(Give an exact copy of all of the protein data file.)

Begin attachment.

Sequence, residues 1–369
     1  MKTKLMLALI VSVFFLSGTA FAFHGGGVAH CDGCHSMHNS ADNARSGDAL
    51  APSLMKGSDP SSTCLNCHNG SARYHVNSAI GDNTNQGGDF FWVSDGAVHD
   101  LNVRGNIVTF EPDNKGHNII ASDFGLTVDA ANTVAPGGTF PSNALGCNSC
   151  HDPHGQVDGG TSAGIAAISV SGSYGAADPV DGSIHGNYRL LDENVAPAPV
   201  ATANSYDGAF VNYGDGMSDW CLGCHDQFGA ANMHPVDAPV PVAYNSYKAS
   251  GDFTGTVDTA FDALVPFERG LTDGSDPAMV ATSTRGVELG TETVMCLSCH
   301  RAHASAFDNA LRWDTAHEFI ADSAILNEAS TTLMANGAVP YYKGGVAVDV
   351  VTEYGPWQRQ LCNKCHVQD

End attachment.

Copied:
Sequence, residues 1–369
     1  MKTKLMLALI VSVFFLSGTA FAFHGGGVAH CDGCHSMHNS ADNARSGDAL
    51  APSLMKGSDP SSTCLNCHNG SARYHVNSAI GDNTNQGGDF FWVSDGAVHD
   101  LNVRGNIVTF EPDNKGHNII ASDFGLTVDA ANTVAPGGTF PSNALGCNSC
   151  HDPHGQVDGG TSAGIAAISV SGSYGAADPV DGSIHGNYRL LDENVAPAPV
   201  ATANSYDGAF VNYGDGMSDW CLGCHDQFGA ANMHPVDAPV PVAYNSYKAS
   251  GDFTGTVDTA FDALVPFERG LTDGSDPAMV ATSTRGVELG TETVMCLSCH
   301  RAHASAFDNA LRWDTAHEFI ADSAILNEAS TTLMANGAVP YYKGGVAVDV
   351  VTEYGPWQRQ LCNKCHVQD